Rick Green 200

Insurance companies turn to drones to assess Harvey’s damage

Sept. 1, 2017

Insurance companies are turning to drones to assess property damage, as I reported earlier. In the wake of Harvey, the companies are testing their drone fleets on a large scale, according to Nicole Friedman and Leslie Scism in The Wall Street Journal. They report that Travelers has 24 drones ready to be used in Texas while Allstate expects to make hundreds of flights a day with contracted drones. They quote Jarrod Murrieta, head of claims for catastrophe response at Farmers as saying, “We are pretty confident” that 14 adjusters trained to use seven drones available for use in Texas can make accurate estimates based on photos.

They note that the companies will need federal approval to operate their drones over many areas as well as permission from individual homeowners.

“To be sure, insurance adjusters will still be climbing on thousands of roofs to inspect damage in person,” they write. They quote a State Farm spokesperson as saying, “Our claims adjusters will likely need to inspect both the interior and exterior of the home to assess coverage and damages. For this situation, we find that the best way to service our customers and evaluate coverage and damages is through on-the-ground claims handling.”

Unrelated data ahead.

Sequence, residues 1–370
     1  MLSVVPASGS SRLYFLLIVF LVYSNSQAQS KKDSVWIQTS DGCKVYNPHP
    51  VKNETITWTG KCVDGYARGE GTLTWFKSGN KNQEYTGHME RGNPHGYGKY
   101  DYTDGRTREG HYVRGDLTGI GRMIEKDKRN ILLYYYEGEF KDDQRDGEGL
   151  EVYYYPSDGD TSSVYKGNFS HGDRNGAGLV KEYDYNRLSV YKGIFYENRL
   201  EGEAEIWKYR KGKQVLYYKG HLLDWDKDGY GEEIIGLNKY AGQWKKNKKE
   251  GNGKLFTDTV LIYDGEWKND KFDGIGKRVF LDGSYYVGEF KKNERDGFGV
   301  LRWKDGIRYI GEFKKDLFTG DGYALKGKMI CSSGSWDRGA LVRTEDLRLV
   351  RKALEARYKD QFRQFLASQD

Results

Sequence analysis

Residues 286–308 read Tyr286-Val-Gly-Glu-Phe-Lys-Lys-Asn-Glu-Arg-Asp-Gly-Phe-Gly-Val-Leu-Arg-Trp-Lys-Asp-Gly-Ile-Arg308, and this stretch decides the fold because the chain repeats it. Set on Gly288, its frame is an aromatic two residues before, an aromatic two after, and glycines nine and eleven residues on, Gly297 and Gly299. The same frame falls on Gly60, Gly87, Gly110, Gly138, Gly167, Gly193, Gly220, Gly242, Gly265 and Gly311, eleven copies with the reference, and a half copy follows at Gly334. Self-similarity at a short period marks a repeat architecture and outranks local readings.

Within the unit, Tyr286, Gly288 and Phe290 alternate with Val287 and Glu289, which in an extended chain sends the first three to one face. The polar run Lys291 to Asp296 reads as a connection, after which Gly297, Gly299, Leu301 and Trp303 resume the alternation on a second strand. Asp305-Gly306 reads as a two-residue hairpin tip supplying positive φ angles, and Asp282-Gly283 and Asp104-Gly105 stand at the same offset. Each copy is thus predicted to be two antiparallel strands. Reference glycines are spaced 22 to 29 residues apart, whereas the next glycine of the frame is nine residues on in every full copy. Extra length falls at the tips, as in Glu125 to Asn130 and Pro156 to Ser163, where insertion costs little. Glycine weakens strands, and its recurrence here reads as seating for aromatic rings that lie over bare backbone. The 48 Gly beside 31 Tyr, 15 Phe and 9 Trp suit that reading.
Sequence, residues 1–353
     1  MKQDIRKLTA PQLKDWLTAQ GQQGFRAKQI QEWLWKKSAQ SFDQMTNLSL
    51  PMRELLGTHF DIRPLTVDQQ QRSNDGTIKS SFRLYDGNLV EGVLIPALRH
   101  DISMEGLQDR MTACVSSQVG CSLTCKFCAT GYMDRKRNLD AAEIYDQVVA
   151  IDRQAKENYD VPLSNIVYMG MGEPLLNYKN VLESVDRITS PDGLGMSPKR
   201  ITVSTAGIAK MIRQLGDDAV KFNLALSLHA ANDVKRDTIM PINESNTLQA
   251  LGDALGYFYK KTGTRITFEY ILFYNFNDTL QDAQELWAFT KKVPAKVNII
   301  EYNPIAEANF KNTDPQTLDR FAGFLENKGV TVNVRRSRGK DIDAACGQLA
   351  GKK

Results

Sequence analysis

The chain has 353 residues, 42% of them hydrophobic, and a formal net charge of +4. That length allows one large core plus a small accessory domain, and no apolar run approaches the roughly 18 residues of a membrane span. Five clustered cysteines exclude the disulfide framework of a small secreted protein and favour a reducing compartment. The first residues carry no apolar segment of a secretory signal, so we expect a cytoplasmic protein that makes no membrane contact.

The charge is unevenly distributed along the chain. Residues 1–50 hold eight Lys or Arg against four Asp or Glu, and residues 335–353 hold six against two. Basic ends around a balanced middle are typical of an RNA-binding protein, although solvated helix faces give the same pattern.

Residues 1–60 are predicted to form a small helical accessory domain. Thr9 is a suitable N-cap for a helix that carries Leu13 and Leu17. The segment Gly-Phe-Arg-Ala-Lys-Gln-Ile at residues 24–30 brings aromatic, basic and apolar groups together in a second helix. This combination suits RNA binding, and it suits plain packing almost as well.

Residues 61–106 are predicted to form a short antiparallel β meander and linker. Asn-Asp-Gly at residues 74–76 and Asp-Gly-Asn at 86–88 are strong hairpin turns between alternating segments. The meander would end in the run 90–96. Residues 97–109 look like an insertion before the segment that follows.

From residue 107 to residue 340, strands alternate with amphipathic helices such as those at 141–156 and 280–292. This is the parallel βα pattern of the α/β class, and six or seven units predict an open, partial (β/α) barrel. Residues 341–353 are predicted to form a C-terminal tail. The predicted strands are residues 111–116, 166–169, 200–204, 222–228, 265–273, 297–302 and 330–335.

Friedman and Scism report that Chubb, which insures businesses and expensive homes, will mostly use drones for commercial property and inaccessible property on barrier islands, for example. They quote Fran O’Brien, head of the company’s high-net-worth business, as saying, “If technology is the way to give good service, we will do that. If it can be done through human adjusters with lots and lots of experience with these kinds of claims, we will” go that route.

About the Author

Rick Nelson | Contributing Editor

Rick is currently Contributing Technical Editor. He was Executive Editor for EE in 2011-2018. Previously he served on several publications, including EDN and Vision Systems Design, and has received awards for signed editorials from the American Society of Business Publication Editors. He began as a design engineer at General Electric and Litton Industries and earned a BSEE degree from Penn State.

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